Old Ladies in Red Hats

Have you heard of the Red Hat Society? I’ve been aware of them for a long time, and it finally became clear to me why I don’t like them. Or more accurately, why I don’t like their organization. The Red Hat Society is a towering monument to Missing The Point.

What am I talking about? Well, see, back in 1967 or so, this lady named Jenny Joseph wrote a poem called “Warning” in which she explained that when she became an old woman, she was going to wear purple “and a red hat that doesn’t go and doesn’t suit me,” and generally behave badly in a lot of different ways, thumb her nose at polite society and celebrate her independence and joi d’vivre. It’s really a wonderful poem, which copyright laws (and Ms. Joseph’s diligent enforcement of them) prevent me from reproducing here. Others, less easily cowed, have posted it in varying forms all over the place under a bunch of different titles, including “When I Am an Old Woman,” “Purple,” “I Shall Wear Purple,” and the actual title, “Warning.” Go google it if you must; I can’t do everything for you.

So anyway, I happened to be out at a theremin concert (oh, go look it up) with some friends, whom I shall here refer to by the names “John” and “Mary” because that is what everybody else calls them, even though those are obviously pseudonyms; I suspect that “John” and “Mary” are actually unrepentant soviet spies waiting for the eventual collapse of capitalism and resumption of the Cold War so they can get back to their life’s work. But I digress. After the concert, we were wandering the streets of Sierra Madre (site of the original Invasion of the Body Snatchers, but again I digress), and we passed a shop with a front window full of tea acoutrements, along with an assortment of red hats adorned with purple.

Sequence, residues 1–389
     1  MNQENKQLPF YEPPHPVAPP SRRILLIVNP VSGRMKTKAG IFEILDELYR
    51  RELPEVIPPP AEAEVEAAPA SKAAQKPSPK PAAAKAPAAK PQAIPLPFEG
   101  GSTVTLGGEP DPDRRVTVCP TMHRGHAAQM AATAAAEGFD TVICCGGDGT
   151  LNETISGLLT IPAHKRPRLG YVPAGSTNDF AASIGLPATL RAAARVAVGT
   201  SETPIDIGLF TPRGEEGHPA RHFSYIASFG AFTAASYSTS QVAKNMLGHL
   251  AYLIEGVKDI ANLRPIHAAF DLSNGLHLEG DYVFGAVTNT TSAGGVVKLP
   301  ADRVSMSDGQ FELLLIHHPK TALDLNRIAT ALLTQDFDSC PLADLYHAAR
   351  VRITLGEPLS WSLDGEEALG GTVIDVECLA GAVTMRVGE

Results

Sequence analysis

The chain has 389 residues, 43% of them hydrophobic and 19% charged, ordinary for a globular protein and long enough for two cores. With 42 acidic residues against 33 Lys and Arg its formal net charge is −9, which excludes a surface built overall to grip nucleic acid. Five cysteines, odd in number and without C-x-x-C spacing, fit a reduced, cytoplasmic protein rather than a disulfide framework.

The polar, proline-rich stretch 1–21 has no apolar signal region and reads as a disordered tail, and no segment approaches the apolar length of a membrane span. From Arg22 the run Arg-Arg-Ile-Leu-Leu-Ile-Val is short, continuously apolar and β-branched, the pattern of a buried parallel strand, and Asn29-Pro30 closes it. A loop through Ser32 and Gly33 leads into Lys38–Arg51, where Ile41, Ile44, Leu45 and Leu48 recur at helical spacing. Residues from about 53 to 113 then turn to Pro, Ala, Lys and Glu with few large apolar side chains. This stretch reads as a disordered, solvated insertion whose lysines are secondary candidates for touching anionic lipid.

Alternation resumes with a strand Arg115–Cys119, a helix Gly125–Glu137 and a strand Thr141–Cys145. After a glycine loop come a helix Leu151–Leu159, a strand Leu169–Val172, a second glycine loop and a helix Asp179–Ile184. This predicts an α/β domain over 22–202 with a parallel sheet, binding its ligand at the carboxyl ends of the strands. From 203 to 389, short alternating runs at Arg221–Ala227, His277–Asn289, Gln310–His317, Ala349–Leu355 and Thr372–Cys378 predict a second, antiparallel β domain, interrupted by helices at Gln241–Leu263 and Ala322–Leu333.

“Mary” made mention of having seen gaggles of old women in red hats and purple dresses at various events and destinations, and I then remembered having read about them. The Red Hat Society is a bunch of women over 50 (if you’re under 50 you have to wear a pink hat, since you’re not ready for red, but we’ll get to that), who follow the famous poem’s instructions as far as wardrobe and not one step further. A quick look at their official website reveals the flaw in their whole setup…..

A quote from Sue Ellen Cooper, the “Queen Mother” (gag ack barf, as Bill the Cat would say):
“The Red Hat Society began as a result of a few women deciding to greet middle age with verve, humor and elan. We believe silliness is the comedy relief of life, and since we are all in it together, we might as well join red-gloved hands and go for the gusto together. Underneath the frivolity, we share a bond of affection, forged by common life experiences and a genuine enthusiasm for wherever life takes us next.”

Isn’t that nice?

The problem is, that’s all it is. Nice. Go read the poem. It’s not nice. There’s nothing in there about being silly, nothing about verve, humor or elan, not a word about joining hands (red-gloved or otherwise), and not even the slightest hint of comedy relief. “Warning” is one lady’s version of the howling protest poems of the day, a tribute to individuality and defiance of societal expectations. There is nothing defiant or individual about dressing in purple with a red hat if you’re in a mob of identically-clad compadres. These ladies, who I am quite sure are delightful people in all the ways that matter, have completely missed the point. They have raised point-missing to the level of an Olympic event. They are the Grand Masters of Point-Missing. They have taken a poem that challenged them to defy the rules, and turned it into a codified society of conformity. They have rules! Women under 50 are forbidden to wear the red hats, they have to wear pink until they reach the magic number. If that isn’t a screaming rebuke to Ms. Joseph, I don’t know what is.